Publicity is essential to the success of your event. Use this guide for tips on how to effectively publicize an event; print this checklist  to use as well.
Targeted Publicity Works Best
There are numerous vehicles for publicizing your event; decide which combination works best at your school. Also see Recruit for detailed information. Be strategic: consider who you want to attend and tailor your promotional efforts to reach that audience
Consider these options:
- Use the internet → facebook, myspace, school blogs, and announcements on school websites, Evite, and e-mailing your chapter listserv.
- Post flyers, fact sheets, posters, and banners in public places. Use the Know, Dare, Act posters, available from PHR.
- Reserve a table in a high-traffic area on campus. Talk to fellow classmates about your chapter and event. Display flyers, fact sheets, or brochures about your event.
- Ask faculty to help promote your event, by making announcements in classes. Occasionally, faculty will offer extra credit for students to attend events that are related to the course work… Ask your professors if this is an option
- Submit a summary or press release to your school newspaper or radio station, and ask them to publish or announce your event. Post your event on campus or community calendars. Contact your school’s public relations department.
- Continue to build coalitions by asking other student and community organizations to help you advertise by sending e-mails to their own listservs, tabling, presenting your event idea at club meetings, or asking them to cosponsor the event.
- Use visual appeal. Get permission to paint a mural or hang a banner; ask if you can use sidewalk chalk or picket signs at heavily trafficked areas on your campus.
- Explore all forms of media, including campus and community cable television stations and radio stations.
- Wear it! Raise funds and advertise by making shirts, bags, or stickers displaying your event information. Sell them a few weeks prior to the event; ask chapter members and volunteers to wear the promotional items.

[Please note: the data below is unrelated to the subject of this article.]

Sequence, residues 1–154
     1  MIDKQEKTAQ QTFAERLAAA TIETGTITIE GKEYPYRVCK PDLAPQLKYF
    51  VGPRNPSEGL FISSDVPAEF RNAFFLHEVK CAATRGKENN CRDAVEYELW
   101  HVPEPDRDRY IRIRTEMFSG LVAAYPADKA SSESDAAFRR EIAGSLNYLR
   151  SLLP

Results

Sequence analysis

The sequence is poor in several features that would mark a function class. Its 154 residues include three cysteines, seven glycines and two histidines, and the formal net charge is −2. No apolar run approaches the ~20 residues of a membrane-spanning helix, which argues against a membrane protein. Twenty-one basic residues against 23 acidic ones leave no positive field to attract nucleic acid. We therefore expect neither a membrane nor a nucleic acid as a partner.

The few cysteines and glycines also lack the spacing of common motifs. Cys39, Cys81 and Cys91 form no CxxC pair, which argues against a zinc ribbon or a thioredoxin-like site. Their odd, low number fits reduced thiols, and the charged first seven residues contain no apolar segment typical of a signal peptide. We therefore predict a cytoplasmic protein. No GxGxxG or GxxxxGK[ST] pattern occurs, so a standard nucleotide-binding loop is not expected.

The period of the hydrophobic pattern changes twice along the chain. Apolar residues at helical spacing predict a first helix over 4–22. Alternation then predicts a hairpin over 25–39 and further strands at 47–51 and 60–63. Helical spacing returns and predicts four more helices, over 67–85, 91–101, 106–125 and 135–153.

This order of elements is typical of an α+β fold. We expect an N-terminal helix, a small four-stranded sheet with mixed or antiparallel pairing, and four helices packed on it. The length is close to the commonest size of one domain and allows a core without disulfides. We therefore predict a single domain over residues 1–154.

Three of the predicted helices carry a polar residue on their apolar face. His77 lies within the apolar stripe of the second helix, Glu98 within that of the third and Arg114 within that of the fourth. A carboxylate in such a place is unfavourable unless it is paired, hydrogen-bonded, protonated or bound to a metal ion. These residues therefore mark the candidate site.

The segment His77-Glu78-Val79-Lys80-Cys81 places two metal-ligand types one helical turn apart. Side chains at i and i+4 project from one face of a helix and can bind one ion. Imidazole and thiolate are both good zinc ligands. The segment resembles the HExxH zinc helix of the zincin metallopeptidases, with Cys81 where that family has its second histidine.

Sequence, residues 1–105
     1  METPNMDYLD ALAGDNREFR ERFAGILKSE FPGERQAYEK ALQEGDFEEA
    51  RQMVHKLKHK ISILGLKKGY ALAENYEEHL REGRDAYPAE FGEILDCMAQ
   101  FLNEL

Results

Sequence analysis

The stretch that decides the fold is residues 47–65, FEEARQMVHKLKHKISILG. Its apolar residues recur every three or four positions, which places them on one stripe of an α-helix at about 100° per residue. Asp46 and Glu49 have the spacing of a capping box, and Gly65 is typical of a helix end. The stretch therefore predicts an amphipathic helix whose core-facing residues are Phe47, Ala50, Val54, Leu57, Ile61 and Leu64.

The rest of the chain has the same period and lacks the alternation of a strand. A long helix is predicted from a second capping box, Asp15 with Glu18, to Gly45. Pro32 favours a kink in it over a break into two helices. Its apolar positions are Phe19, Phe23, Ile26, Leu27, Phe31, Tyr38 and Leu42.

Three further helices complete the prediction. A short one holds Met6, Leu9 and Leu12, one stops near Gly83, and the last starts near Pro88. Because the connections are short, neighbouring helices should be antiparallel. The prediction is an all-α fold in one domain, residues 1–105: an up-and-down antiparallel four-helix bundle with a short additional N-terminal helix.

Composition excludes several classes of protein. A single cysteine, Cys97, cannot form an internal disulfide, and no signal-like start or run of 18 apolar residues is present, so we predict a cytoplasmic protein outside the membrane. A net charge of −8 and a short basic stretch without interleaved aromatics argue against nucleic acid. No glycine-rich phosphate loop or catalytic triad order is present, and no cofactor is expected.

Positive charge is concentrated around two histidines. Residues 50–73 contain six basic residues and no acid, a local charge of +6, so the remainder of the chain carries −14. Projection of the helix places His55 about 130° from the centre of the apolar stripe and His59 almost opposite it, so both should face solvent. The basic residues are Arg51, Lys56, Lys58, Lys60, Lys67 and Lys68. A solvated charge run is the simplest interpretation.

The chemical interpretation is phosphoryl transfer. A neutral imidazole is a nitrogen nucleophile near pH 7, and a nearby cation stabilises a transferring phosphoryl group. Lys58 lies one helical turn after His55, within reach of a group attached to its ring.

The Creative Edge: Engage the Eye
Make your advertising materials appealing! Use bright colors, compelling images, and a large typeface to make your posters and banners attractive and eye-catching. IMPORTANT: See the section of your welcome packet regarding usage of the PHR logo!
- You don’t need a big budget to produce your materials. Ask for donations of markers, paper, printing, copying, or poster board from school departments or local businesses.
- If you don’t have the budget to print your materials in color, use colored paper.
- Set a production timeline with deadlines. Ideally, your materials should be printed and distributed 3 weeks prior to your event. Delegate tasks to your chapter members to help you produce your materials.
- Find out if your school requires space reservations to put up banners or other large forms of advertising, or for tabling, and how far in advance of your event you can display them.
Posting Your Materials
Post your advertising materials in strategic locations. You want to reach as wide an audience as possible. Place flyers, posters, fact sheets, and banners in high-traffic areas. For instance:
- Student Center
- Bulletin Boards
- Local Businesses
- Nearby schools
- Relevant institutions or organizations (Hospitals, non-profits, NGOs)
- Dorms or Apartments
- Student Mailboxes
For online advertising, start early, and send e-mails and invitations to as many people as possible and send another internet publicity blitz a couple days before the event. Include contact information so people can contact you for more information.
Use “Rounds” of Advertising
Complete the first round of advertising three weeks out, if possible. Do another round of advertising within the week leading up to the event. Re-post your materials on campus, and send out new invitations and e-mails. Ask other organizations, faculty, and community members to announce your event again.
Follow-up and Debrief
After your event is over, evaluate your publicity campaign. Were your advertising methods effective? What can you do better next time? Are there ways of advertising that you did not use? Is there a direct correlation between attendance and the methods you used to promote your event? Finally, be sure to thank your chapter members, faculty, community members, and anyone else who helped you with publicity.
Your chapter is hosting a major panel discussion on Global Health Disparities at your school in one month. You know from past experiences that it is extremely difficult to get your fellow classmates to attend events, as everyone always seems to be extremely busy. How can you effectively advertise on your campus? Aside from posting flyers about the event and using the internet (e-mail, facebook, myspace), what other methods can you employ to spread the word?